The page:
Current status of Canadian vascular surgery training: A survey of program directors

Thomas L. Forbes, Kenneth A. Harris

Research output: Contribution to journalReview articlepeer-review

4 Scopus citations


Background: With the aging of the North American population and therefore the need for more modern vascular surgeons familiar with open operations and less invasive diagnostic and therapeutic regimens, we wished to obtain suggestions and recommendations that would allow our training programs to more adequately fulfil these needs. Our objectives were to assess recent trends in Canadian vascular surgery training with respect to the trainee's operative and nonoperative experience. Methods: We mailed a survey to the directors of the 8 Canadian vascular surgery training programs, to ascertain the yearly operative volumes of their 3 most recent trainees with respect to 6 index operations: carotid endarterectomy (CEA), types I-IV thoracoabdominal aortic aneurysm (TAA) repair, elective open infrarenal aortic aneurysm (eAAA) repair, ruptured abdominal aortic aneurysm (rAAA) repair, endovascular abdominal aortic aneurysm repair (EVAR) and lower extremity arterial bypass (LEB). Additionally, information pertaining to nonvascular surgery rotations and the final practice location and type of practice for each trainee was requested. Results: Seven (88%) of 8 program directors completed the survey. Between 1999 and 2002, vascular surgery trainees in Canadian training programs were exposed to the following yearly clinical volumes (expressed as mean [and standard deviation]): CEA 55.4 (33.9), TAA 6.2 (3.8), eAAA 63.8 (30.0), rAAA 13.5 (9.4), EVAR 14.9 (9.6) and LEB 74.5 (34.5). The range of yearly clinical volumes were: CEA 21-124, TAA 1-18, eAAA 30-133, rAAA 3-45, EVAR 0-34 and LEB 20-143. Nonvascular surgery rotations included: endovascular therapy, interventional radiology, noninvasive diagnostics and research. Forty-five (80.4%) of 56 recent graduates practise only vascular surgery. Most (73.2%) of our recent trainees have remained in Canada, with 41.1% settling in the province in which they trained. Conclusions: Canadian vascular surgery training programs provide more than sufficient operative experience for their trainees. Although some programs have been successful at providing training in endovascular therapies, the integration of such experience in our training programs continues to be a challenge.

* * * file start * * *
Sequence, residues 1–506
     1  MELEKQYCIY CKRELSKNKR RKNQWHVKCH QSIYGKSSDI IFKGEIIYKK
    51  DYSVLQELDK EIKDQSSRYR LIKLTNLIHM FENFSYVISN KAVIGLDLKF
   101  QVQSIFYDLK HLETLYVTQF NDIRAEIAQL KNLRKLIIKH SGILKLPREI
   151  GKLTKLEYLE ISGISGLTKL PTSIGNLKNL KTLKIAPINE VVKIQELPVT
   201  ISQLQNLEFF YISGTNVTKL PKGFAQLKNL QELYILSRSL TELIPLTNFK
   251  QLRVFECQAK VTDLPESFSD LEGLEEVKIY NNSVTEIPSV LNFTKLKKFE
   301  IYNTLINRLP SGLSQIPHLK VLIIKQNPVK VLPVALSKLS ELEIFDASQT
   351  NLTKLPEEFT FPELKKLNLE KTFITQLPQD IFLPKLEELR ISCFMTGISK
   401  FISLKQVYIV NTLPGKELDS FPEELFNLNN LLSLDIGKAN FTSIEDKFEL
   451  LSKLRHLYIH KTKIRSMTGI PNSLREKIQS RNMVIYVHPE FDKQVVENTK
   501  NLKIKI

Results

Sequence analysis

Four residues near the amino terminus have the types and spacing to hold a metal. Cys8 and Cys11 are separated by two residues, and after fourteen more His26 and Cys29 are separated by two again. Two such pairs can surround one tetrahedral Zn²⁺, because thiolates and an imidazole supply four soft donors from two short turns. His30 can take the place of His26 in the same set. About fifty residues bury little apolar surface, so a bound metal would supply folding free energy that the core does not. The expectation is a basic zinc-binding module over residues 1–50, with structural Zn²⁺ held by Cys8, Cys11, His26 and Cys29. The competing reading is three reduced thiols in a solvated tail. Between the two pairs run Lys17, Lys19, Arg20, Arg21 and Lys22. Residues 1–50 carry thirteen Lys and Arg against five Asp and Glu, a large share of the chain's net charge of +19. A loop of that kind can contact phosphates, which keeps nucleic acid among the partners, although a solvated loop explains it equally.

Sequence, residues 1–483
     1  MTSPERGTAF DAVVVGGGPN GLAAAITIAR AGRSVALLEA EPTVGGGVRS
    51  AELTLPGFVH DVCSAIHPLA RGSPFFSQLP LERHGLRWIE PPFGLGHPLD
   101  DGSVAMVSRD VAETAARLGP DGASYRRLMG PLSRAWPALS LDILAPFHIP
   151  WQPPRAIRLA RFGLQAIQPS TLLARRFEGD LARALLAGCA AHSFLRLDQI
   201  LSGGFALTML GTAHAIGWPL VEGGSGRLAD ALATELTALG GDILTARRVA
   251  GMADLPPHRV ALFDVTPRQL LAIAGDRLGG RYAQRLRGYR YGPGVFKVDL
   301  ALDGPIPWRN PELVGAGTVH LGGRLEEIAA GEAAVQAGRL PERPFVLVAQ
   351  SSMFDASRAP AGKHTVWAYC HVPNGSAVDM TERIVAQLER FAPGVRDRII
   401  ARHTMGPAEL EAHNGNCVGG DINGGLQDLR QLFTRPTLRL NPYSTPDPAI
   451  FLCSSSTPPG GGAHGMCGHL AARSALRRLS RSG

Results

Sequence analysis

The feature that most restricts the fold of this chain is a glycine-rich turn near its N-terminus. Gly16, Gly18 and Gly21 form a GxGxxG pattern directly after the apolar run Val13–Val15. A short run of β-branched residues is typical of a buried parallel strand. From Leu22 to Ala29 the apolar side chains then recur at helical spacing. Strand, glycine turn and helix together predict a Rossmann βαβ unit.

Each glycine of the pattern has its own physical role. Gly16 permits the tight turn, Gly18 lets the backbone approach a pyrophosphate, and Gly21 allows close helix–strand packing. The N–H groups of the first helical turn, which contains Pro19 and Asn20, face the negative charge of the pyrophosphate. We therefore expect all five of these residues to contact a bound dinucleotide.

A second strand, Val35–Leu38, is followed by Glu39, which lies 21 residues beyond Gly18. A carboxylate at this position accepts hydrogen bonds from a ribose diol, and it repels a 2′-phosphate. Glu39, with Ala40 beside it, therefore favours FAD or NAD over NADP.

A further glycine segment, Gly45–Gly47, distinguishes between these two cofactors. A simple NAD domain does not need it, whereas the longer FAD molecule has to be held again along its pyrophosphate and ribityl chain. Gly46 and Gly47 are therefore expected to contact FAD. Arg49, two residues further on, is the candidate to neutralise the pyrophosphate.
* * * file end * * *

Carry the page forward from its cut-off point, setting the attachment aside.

Original languageEnglish
Pages (from-to)311-318
Number of pages8
JournalCanadian Journal of Surgery
Issue number4
StatePublished - Aug 2005
Externally publishedYes


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